Late in 1994, as Scott Jaschik reported in The Chronicle of Higher Education (November 2, 1994), the U.S. Supreme Court agreed to hear a case that will test current policies regarding church-state separation at public universities. In 1991, Wide Awake, a student-run newspaper with a Christian orientation, founded at the University of Virginia in the previous year, applied to the university for student-activity funding. The university denied the request on the grounds of church-state separation. As a result, the paper sued the university. In 1993, a federal district court found in favor of the university—a decision upheld on appeal in 1994, leading to a final appeal to the Supreme Court.
In upholding the original decision, the appeals court contended that subsidizing the paper, with its “avowedly Christian theological perspective,” would “send an unmistakably clear signal that the University of Virginia supports Christian values and wishes to promote the wide promulgation of such values.” Many observers, however, believe that the university’s case is vulnerable at exactly this point, for at the University of Virginia, as at colleges and universities throughout the United States, student-activity funds are given to a wide variety of groups, ranging from Islamic and Jewish student associations (deemed “cultural” rather than “religious” by the university) to gay and lesbian groups. Many such groups are clearly committed to the promulgation of certain values. Does university support then imply endorsement of the values of these various groups (values which, in many cases, are mutually exclusive)? Why should a Christian newspaper be denied the same privileges?
Whatever the final determination of the case, it has served to draw attention to the anomalous status of religious perspectives in the contemporary university, and has thereby contributed to the growing debate over the practice of pluralism not only in American higher education but in every sphere of public life. The double standard apparent in student-activity funding is even more pronounced in the classroom, where explicitly religious viewpoints are largely excluded. As historian George Marsden observes, “Tolerance, one might think, ought to include tolerance of religious viewpoints, including religious viewpoints in academic life. Pluralism, one might likewise suppose, would encourage first-class citizenship within universities for the widest feasible variety of cultural expressions. Since religion is integral to most cultures, one might expect that a commitment to diversity would entail the encouragement of intellectual expressions of a variety of religious perspectives.”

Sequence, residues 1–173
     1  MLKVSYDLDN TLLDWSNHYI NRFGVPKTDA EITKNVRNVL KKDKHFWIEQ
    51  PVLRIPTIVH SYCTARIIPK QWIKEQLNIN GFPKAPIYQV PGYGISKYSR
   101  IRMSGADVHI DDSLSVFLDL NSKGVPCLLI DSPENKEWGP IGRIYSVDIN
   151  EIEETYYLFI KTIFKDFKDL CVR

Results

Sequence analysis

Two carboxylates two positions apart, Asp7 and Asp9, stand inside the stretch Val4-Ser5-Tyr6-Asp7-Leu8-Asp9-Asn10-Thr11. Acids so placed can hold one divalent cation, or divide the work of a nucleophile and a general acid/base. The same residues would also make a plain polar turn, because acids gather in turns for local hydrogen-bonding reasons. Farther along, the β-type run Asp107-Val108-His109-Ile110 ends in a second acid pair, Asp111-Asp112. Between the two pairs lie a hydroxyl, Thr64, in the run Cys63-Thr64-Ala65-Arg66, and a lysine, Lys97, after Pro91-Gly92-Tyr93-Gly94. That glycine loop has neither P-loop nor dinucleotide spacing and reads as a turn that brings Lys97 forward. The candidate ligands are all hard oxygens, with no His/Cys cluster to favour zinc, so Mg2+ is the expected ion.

So it would seem—and yet such is emphatically not the case. Only at religious institutions is expression of such perspectives genuinely encouraged—and even those institutions, astonishingly, are under attack by the forces of “pluralism.” By threats to withhold accreditation and by many other means, religious institutions are being pressured to drop hiring requirements that allow them to preserve their distinctive identity. That a Christian college, for example, might hire only Christians hardly seems open to objection, yet increasingly such requirements are being labeled “discriminatory.”
How did Americans arrive at this peculiar state of affairs? In The Soul of the American University: From Protestant Establishment to Established Nonbelief, Marsden supplies the definitive answer. While he writes from the viewpoint of “a fairly traditional Protestant of the Reformed...
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